Animator Sorren Jones: My Creative Process

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my creative process

By Sorren Jones

Illustrator, animator and photographer after work

Personal story

Step 1: Getting an idea

I begin a project once a potential story idea hits me. This really can be at anytime, from general observation, a discussion with a friend, inspiration from another source, or just plain out the blue. I jot everything down, nothing is too messy, usually plain text to start with, then I build on the text until I have a beginning, middle and end of a story I want to develop. I remain open minded about changing details all the way to the very end, I think flexibility is important.

There have been times when I have either written, illustrated or animated an idea which didn’t make sense to people and I was forced to change it, which at the time was frustrating but ended up being the right thing to do. Developing the initial story can take me a while, as I am a perfectionist, so I like to take some time with this bit. This is where not having client pressures and deadlines can be an advantage to me. However, a danger to that is too much time can pass, I am aware of this and remind myself of this often, so at this stage I remain focused and progress with the story, and not to procrastinate.

At the same time I’m progressing with my story I’m starting to think about how the characters in the story will look, so I will roughly scribble ideas down on whatever paper or drawing material is within reach. I’ve found inspiration can come from all sources. A lot of times inspiration for my characters hit me while at work, sometimes when I am not even thinking about it!

Step 2: Cast sheets

Once I have a story I am happy with I begin illustrating the characters on what I call a ‘cast’ sheet, this is basically an Adobe Illustrator document showcasing all my characters that I plan to ‘cast’ in my story.

Again, like writing the story, illustrating characters can take me a while as I want my ‘cast’ to look just right.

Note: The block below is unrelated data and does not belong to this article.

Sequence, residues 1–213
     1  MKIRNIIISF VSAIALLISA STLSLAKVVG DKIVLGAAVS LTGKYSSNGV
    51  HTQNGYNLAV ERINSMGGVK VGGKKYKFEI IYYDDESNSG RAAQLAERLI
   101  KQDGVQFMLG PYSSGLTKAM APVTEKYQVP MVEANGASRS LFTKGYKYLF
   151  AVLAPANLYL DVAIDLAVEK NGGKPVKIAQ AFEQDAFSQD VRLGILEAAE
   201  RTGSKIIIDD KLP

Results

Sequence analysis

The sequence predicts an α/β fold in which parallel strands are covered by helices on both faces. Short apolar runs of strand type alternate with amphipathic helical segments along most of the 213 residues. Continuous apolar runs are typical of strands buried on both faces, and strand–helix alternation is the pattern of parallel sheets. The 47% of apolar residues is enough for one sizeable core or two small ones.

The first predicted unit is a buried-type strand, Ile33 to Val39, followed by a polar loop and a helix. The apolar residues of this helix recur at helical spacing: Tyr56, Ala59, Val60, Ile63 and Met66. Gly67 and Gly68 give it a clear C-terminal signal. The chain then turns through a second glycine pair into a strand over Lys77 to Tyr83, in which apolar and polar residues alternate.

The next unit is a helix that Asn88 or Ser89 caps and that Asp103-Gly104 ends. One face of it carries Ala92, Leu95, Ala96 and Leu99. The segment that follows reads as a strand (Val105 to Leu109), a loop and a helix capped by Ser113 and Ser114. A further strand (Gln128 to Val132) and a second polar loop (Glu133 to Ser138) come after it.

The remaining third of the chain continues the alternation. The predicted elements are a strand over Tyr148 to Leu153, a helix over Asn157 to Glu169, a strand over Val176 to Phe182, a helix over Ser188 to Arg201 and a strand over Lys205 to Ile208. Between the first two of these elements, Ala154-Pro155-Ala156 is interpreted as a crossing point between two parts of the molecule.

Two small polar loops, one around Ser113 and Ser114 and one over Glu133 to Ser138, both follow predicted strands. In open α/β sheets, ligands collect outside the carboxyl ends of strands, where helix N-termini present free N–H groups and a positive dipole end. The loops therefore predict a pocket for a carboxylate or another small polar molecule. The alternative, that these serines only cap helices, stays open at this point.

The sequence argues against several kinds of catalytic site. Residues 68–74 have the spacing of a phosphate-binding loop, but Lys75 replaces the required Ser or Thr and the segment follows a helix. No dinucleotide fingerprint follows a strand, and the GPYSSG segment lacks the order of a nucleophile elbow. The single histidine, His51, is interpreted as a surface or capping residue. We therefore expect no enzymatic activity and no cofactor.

A cast sheet is a basically a large digital artboard with a plain background, which I create using Adobe Illustrator and it essentially houses all of my characters I will use in a project. The great thing is that it allows me to see how my characters work together visually at a quick glance. I want my characters to look different from each other but at the same time look like they belong together. Seeing them together all at once allows me to achieve these two goals.

When it comes to illustrating the text in my story I simply choose the characters I need from the cast sheet and ‘pose’ them like puppets as an illustration in my picture book.

Cast sheet

Step 3: Story and illustration process

Once I have completed my cast sheet with characters I am happy with I begin the story and illustrating process. This is the stage which will ultimately lead to the final illustrated pages of my book. It is both exciting and stressful at this stage. I start by creating either an Adobe Illustrator or Photoshop file that suits the format of the picture book I want to achieve. I take pieces of the text from the story and copy across to the pages of what will be my book. I usually have a line or two of text on one page with an illustration on the other. There’s probably a million ways to do this but this way works for me just now though I am definitely not set in my ways, and am open to change. I don’t like to restrict myself, especially if I learn of a better way to get things done.

The illustrating process is time consuming as it can take me a while to arrive at what I think is the best illustration, which tells the story both clearly and visually. It is normal for me to end up with many image variants before I ultimately pick the one that works best for what I need. I repeat this process for each page until I reach the end. I don’t always illustrate pages in chronological order. I’ve learned to focus on colour, colour pallets and fine details (such as backgrounds and textures) at the end when it comes time to wrap up production. This achieves greater consistency in my work. It is easy to forget how an effect or such was achieved early on in production.

Children's Book

Step 4: Backgrounds

Once I am happy with the final wording and illustrations I begin adding backgrounds. This really is a project in itself and can take a while to get right as the backgrounds need to fit with the characters and text. Again, I don’t always create my backgrounds in chronological order. Once the backgrounds are completed and ready I move on to colour.

Step 5: Colour Palettes

I go back to my model sheets and backgrounds and create a simple colour palette for each character and background, which I use throughout the colouring process. This ensures that everything is consistent. Colouring digitally is fun and fast, once colours and palettes have been determined. I love texture in my work so once the colours are filled I add subtle effects to help give my work a hand crafted feel.

This is important to me, as I worry a lot that relying wholly on computers will give my work a feeling of insincerity, which is why I like to mix digital with the appearance of hand crafted elements. I’ve learned as well not to get too carried away with effects and filters. They are great to experiment with and to learn from but I’ve found more often than not that less really is more.